Besides Pujols and fellow free agent signee C.J. Wilson, the Angels have young stud Mike Trout ready to make a big impact on the win column. They have Peter Bourjos and Mark Trumbo still making close to the league minimum salary while providing solid production and likely improvement. They may get Kendrys Morales back. With Wilson, Jered Weaver and Dan Haren, their rotation now possesses three of the American League's top-10 starting pitchers of 2011.
In other words, the Angels are going to be extremely tough for at least a couple years, before Haren is eligible for free agency after the 2013 season, before Pujols perhaps starts declining, and before the young players start requiring contracts that will eat up larger chunks of the team budget.
Meanwhile, the Rangers appear ready to absorb the loss of Wilson -- they'll move Neftali Feliz into the rotation, and they still have a core of players in their primes in Josh Hamilton, Ian Kinsler, Adrian Beltre, and Elvis Andrus. They have money to spend, although some of that will have to go signing Hamilton and Kinsler to extensions. Still, don't be surprised if they win the rights to Yu Darvish, as they seek an ace to replace Wilson.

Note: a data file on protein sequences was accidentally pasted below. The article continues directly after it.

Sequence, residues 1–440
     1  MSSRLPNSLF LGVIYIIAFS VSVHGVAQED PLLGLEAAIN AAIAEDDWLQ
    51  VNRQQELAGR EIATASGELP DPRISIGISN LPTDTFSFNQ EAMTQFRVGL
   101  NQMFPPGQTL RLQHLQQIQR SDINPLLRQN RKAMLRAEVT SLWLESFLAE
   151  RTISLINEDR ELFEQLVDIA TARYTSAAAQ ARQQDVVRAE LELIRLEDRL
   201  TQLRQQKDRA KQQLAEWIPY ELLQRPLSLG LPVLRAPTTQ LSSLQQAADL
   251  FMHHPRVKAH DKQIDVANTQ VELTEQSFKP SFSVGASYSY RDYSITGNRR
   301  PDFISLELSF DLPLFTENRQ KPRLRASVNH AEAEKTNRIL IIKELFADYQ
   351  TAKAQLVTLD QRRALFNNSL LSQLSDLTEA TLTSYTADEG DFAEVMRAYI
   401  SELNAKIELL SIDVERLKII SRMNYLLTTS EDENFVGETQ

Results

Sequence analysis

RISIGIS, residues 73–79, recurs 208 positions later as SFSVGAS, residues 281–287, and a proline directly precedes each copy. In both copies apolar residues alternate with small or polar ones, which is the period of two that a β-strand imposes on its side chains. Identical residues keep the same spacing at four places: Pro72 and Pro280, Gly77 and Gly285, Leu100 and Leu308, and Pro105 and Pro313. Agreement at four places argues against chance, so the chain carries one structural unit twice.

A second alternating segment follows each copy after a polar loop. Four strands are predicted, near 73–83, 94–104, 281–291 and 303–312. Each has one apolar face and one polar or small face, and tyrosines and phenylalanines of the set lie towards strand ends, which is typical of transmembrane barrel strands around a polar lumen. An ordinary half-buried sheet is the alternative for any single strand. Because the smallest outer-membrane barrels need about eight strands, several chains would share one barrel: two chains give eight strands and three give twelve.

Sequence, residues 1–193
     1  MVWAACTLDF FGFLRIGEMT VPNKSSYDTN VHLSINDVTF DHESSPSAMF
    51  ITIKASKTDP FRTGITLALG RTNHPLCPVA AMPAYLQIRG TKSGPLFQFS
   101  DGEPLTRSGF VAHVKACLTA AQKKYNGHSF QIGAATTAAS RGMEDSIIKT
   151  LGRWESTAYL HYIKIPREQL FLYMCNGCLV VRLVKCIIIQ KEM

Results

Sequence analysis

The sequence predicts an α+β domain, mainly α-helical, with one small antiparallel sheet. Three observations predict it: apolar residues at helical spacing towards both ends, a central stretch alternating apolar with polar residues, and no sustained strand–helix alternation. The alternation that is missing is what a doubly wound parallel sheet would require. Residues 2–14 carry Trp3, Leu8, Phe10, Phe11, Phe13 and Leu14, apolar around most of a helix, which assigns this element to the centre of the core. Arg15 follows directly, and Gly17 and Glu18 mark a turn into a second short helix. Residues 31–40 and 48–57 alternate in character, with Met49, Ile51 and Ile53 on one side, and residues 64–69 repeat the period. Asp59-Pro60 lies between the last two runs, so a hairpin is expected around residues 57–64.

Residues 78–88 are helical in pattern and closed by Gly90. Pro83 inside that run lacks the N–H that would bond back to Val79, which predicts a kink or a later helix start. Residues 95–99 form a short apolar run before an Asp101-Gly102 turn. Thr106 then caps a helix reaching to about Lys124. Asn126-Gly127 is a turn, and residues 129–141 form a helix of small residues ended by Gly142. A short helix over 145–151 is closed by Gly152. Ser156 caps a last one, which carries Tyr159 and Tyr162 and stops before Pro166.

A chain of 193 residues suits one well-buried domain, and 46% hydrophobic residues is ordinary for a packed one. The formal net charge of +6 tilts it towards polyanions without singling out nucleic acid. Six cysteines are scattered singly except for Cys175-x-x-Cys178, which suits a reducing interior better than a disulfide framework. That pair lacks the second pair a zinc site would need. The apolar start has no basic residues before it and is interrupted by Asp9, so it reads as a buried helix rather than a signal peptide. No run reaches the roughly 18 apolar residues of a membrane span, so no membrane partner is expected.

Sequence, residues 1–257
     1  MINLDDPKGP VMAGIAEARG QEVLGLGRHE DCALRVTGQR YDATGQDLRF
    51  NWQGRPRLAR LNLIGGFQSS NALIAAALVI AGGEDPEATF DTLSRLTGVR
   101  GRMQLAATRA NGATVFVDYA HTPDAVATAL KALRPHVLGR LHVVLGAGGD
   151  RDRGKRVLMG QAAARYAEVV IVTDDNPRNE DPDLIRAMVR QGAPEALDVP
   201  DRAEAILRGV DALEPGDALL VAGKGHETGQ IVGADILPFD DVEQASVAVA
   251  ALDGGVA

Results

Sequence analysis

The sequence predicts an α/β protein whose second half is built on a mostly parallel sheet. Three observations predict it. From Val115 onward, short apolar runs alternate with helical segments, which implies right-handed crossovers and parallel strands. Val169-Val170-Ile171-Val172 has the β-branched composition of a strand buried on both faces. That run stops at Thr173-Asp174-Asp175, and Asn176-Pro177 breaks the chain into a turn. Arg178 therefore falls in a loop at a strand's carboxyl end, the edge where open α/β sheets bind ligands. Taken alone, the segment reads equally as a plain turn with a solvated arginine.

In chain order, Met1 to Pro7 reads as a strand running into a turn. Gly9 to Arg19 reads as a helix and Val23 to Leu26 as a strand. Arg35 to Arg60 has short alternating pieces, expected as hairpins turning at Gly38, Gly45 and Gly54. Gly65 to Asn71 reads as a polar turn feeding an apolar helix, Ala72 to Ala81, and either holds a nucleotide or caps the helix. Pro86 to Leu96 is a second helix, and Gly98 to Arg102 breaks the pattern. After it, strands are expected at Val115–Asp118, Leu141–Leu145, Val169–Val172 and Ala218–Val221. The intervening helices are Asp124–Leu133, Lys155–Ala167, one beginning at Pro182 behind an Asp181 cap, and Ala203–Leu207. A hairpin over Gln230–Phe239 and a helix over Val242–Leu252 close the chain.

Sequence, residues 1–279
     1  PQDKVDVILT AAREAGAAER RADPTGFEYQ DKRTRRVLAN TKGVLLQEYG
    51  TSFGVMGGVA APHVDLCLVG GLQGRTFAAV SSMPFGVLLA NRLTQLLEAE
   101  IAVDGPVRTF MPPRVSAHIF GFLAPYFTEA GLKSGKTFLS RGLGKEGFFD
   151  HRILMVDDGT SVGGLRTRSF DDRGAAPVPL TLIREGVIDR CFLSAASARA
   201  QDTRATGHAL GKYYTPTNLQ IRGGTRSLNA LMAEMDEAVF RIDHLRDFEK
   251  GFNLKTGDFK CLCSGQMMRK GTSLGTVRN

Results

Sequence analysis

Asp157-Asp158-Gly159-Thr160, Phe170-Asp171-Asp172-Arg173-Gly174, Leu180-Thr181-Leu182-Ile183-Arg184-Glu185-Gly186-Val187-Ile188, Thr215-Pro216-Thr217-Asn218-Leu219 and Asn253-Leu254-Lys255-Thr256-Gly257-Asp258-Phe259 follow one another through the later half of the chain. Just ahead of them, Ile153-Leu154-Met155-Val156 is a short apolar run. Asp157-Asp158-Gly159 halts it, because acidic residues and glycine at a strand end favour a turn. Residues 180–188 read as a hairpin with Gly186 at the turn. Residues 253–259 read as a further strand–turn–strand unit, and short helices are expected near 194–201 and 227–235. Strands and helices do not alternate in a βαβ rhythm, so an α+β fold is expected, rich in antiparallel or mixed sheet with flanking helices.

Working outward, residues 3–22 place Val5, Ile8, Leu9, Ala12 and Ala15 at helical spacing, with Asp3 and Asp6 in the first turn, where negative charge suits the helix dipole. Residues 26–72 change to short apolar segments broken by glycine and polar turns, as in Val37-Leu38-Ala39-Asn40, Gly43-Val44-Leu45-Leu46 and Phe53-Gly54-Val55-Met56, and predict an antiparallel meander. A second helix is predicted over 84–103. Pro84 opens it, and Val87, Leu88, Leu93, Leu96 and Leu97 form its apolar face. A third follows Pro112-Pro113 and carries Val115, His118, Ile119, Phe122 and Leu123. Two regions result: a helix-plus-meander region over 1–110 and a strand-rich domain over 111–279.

Add it up and you have to do a lot of funny math to make the Mariners contenders in 2012 or '13, even if they sign Prince Fielder.
That takes us to 2014 -- the final year of Hernandez's contract. At that point, facing years of losing and poor run support in his rear-view mirror, what are the odds Hernandez would sign an extension with the Mariners? He'd still be turning just 29 years old early in the 2015 season, meaning he'd be ripe for a mega-contract before that season from one of the usual big-market franchises (which includes the Angels and Rangers).
The future of the Mariners sits with 2011 rookie gem Michael Pineda, plus pitching prospects Taijuan Walker, Danny Hultzen and James Paxton, all of whom have top-of-the-rotation potential. Outside of second baseman Dustin Ackley, however, the position players don't rate as high, and the guys who do have a chance to impact the major league level (Nick Franklin, Alex Liddi, Vinnie Catricala) need more time in the minors.
That means, realistically, the Mariners are aiming for 2014 at the earliest. By then, Hernandez's trade value won't be as high; and if they are competitive by then, it would be because Pineda, Hultzen, Paxton and Walker are in the rotation ... which, in theory, would make King Felix more expendable.
So do you trade Hernandez now, when his value his highest and his arm healthy? I'm not a fan of advocating trading a superstar, since those trades rarely work out (see: the Indians and Phillies trading Cliff Lee). But sometimes they do, such as when the Rangers acquired Andrus, Feliz and Matt Harrison for Mark Teixeira. None of those players were actually that close to the majors, so the Rangers took a big risk that paid off. If the Mariners would be willing to trade Hernandez, they would want at least one bat that is major league ready with big-time power potential ... plus a lot more.